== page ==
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  • Question

    1) There are currently two separate CORs for each contract. Should both CORs be present for inspections since we have a medical contractor inspecting a food contractor. 2) Can one COR be appointed to both contracts and represent both parties during the inspections, or could that be viewed as a conflict of interest?


    Answer

    This is a great question!  The scenario you describe above is not uncommon at all; we normally refer to it as a “3rd Party Audit”.  A scenario where the requiring organization does not have the technical expertise to conduct inspection on contractor provided goods and/or services and therefore must rely on a 3rd party to conduct the inspection.  Sometimes another government agency is the 3rd Party and sometimes we must contract out that expertise (like the scenario you describe).
     
    One of the reasons we can contract out inspection is because “inspection” in-and-of-itself is not an inherently governmental function [reference FAR 7.503(d)(17)].  However, government “acceptance” is inherently governmental [reference 7.503(c)(12)(v) and 7.503(c)(17)].  Note: bold italics added for emphasis.
     
    So, to address the title of your question; there is “NOT” any automatic ethic and/or legal concern with contractors inspecting other contractors, so long as the two contractors do not have any fiscal or financial or personal relationship with each other [See FAR Subparts: 3.5, 3.11, and 9.5].  If they do… that would be a problem; an “organizational conflict of interest” problem!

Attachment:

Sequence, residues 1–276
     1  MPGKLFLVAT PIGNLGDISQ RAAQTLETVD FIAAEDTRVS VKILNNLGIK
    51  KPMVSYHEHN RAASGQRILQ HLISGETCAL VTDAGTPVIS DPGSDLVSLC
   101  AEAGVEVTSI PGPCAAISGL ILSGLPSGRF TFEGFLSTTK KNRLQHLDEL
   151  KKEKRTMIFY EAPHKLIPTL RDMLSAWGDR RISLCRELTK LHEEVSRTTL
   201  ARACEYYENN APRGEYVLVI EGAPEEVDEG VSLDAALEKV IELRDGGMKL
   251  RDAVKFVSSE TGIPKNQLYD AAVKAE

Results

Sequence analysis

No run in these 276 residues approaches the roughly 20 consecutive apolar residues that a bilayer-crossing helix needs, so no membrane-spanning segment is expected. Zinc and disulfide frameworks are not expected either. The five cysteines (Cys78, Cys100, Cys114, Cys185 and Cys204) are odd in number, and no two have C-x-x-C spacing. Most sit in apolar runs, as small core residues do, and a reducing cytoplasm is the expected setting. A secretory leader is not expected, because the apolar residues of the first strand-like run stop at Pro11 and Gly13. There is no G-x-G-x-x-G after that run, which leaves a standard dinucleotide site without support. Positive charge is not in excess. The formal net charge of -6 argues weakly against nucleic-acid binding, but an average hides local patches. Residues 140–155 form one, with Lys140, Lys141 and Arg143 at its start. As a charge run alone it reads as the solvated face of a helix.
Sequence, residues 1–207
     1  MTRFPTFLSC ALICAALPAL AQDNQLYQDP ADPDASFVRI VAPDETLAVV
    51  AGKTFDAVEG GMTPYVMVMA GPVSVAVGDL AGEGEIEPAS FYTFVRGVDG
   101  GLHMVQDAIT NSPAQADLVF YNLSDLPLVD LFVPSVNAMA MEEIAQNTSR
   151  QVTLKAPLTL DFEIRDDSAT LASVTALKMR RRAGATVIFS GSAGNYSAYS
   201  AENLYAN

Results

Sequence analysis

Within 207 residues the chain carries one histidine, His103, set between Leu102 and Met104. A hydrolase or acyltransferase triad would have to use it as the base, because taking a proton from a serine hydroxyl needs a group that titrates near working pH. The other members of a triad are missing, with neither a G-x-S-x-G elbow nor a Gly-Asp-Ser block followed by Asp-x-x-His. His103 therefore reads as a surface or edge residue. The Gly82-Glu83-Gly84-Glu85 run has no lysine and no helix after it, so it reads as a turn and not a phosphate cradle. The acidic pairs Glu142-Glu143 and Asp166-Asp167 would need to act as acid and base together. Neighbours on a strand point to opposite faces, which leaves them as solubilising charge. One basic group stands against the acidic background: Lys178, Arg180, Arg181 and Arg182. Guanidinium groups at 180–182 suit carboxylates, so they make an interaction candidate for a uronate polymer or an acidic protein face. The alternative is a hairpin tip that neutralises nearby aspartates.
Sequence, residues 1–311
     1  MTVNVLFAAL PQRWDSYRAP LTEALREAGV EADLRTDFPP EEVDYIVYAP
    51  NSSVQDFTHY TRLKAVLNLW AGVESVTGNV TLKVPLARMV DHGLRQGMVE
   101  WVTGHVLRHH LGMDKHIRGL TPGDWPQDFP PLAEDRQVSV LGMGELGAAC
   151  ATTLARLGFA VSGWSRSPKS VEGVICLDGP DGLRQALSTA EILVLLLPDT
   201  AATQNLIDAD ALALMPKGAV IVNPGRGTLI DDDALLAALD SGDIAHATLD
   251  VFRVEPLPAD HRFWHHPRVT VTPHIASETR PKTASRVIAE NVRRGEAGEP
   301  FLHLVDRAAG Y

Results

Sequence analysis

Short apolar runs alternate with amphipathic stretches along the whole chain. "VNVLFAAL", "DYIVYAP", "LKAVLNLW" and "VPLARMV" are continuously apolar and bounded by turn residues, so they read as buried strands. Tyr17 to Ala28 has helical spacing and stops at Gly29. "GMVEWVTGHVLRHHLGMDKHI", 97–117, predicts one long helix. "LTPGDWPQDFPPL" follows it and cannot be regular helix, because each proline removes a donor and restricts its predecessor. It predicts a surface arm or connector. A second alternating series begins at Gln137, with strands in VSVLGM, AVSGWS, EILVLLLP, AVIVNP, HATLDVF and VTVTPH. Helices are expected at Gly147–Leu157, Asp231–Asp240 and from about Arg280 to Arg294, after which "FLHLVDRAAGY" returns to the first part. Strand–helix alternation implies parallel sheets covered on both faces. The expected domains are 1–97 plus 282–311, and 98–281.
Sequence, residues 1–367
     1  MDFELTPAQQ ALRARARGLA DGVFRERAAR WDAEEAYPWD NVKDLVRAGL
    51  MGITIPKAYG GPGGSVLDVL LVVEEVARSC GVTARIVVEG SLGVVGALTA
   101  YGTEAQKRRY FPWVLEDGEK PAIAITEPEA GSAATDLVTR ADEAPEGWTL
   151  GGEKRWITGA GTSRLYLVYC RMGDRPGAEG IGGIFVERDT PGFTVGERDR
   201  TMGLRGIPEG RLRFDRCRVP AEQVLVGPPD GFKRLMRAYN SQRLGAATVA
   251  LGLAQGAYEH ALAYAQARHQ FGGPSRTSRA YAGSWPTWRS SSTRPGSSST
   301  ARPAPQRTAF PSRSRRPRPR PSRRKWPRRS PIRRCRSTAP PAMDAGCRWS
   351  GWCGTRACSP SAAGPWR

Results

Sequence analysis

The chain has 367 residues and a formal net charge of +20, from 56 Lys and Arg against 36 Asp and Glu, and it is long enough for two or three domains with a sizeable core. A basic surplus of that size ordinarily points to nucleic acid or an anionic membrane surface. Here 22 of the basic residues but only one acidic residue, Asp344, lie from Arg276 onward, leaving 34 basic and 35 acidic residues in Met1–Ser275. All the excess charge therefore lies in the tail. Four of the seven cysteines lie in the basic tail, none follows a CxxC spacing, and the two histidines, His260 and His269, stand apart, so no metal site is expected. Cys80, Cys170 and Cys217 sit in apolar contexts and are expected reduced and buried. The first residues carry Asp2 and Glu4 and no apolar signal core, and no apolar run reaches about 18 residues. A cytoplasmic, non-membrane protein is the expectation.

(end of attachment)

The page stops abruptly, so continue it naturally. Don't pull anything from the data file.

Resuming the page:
On to your specific questions…
    1) There would be no problem having both CORs present for inspections, but it isn’t necessary.  This assumes that both CORs know they are free to communicate with each other should issues arise about the veracity of what the contractor’s may be communicating to them.
     
    2) There would also be nothing wrong with having the same individual be the COR on both contracts.  This assumes the COR has no personal conflicts of interest (i.e. owns stock, spouse works for, etc.) with either of the contractors.  It also assumes one COR can handle this workload.

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